of personal self-realization rather than community survival.In O'Neill's historical vision, episodes of intercultural conflict brought
about by migrations in world history created new transcultural dynamics.
These dynamics were significant not only in the evolution of world history but
also in the shaping of individual human character. For O'Neill, the reshaping
of character was largely a consequence of tragic suffering. The heroes of his
history plays are figures connected to and torn by their allegiance to two
cultural ethics. Through suffering, a new synthetic character emerges, shaped
by history and suggesting, in Emersonian terms, the dynamics of a new and
emerging cultural ethos ( Emerson114
). In this way, O'Neill anticipated in his
transcultural historical epics a central theme in subsequent American drama
about cultural conflict in America: the significance of such conflict in shaping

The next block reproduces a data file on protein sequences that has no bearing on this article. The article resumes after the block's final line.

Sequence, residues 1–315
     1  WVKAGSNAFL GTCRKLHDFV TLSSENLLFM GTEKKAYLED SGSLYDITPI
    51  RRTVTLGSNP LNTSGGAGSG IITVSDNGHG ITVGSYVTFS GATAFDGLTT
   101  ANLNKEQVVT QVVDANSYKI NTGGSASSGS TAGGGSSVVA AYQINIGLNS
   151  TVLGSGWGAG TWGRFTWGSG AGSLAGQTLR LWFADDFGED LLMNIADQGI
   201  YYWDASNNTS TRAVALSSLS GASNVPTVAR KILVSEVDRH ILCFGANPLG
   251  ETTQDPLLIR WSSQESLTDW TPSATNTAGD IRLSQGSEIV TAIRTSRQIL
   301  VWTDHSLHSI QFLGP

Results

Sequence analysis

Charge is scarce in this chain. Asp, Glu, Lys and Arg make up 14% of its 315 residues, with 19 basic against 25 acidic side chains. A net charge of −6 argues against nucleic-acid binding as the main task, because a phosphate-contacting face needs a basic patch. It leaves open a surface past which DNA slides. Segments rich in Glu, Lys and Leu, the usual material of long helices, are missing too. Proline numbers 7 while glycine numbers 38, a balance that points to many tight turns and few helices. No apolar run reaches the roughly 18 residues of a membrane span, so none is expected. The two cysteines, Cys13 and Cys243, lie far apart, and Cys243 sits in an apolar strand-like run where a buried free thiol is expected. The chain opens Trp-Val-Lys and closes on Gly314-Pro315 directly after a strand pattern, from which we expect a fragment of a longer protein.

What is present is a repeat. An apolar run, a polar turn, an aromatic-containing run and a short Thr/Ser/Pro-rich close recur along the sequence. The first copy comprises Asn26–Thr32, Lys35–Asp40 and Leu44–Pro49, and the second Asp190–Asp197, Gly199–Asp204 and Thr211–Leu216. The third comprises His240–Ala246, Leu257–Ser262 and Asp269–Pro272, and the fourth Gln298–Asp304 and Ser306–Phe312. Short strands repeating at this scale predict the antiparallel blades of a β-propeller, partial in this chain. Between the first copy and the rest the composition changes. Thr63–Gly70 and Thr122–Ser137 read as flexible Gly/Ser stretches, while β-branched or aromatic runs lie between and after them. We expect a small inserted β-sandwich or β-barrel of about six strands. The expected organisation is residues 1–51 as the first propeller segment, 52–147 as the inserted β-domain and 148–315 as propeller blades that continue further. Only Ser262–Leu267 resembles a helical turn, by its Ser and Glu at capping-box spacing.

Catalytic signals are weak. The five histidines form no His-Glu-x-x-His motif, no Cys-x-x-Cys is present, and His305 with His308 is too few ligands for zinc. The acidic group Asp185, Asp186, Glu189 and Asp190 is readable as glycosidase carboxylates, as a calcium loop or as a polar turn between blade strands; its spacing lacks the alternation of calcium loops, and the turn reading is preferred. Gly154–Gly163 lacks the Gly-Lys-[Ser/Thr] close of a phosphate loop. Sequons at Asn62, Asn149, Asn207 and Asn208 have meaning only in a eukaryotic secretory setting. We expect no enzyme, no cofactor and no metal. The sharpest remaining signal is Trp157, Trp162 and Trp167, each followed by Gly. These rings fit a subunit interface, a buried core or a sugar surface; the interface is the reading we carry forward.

through tragic suffering a new synthetic culture defined not by conflicts
between communities but by an ethic of personal self-realization.
| Bogard Travis. Contour in Time: The Plays of Eugene ONeill. Rev. ed. New York: Oxford UP, 1988|
| Costa Richard Hauer. H. G. Wells. Rev. ed. Boston: Twayne, 1985.|
| Emerson Ralph Waldo. "History." Ralph Waldo Emerson. Ed.
Richard Poirer. The
Oxford Authors. Oxford: Oxford UP, 1990. 113-30.|
| Fiske John. The Discovery of America. Boston: Houghton Mifflin, 1901. 2 vols.|
| O'Neill Eugene. The Fountain. The Plays of Eugene O'Neill. Ed.
Travis Bogard and Jackson R. Bryer. New Haven: Yale UP, 1988.|
|_____. Selected Letters of Eugene O'Neill. Ed.
Travis Bogard and
Jackson R. Bryer. New Haven: Yale UP, 1988.|
|_____. "The Theatre We Worked For:" The Letters of Eugene O'Neill to Kenneth
Jackson R. Bryer. New Haven: Yale UP, 1982.|
|_____. "Spiritual Undertheme." "A Touch of the Poet" ms. notes. Beinecke Rare
Book and Manuscript Library, Yale University.|
| Wells H. G. The Outline of History. New York: MacMillan, 1921. 2 vols.|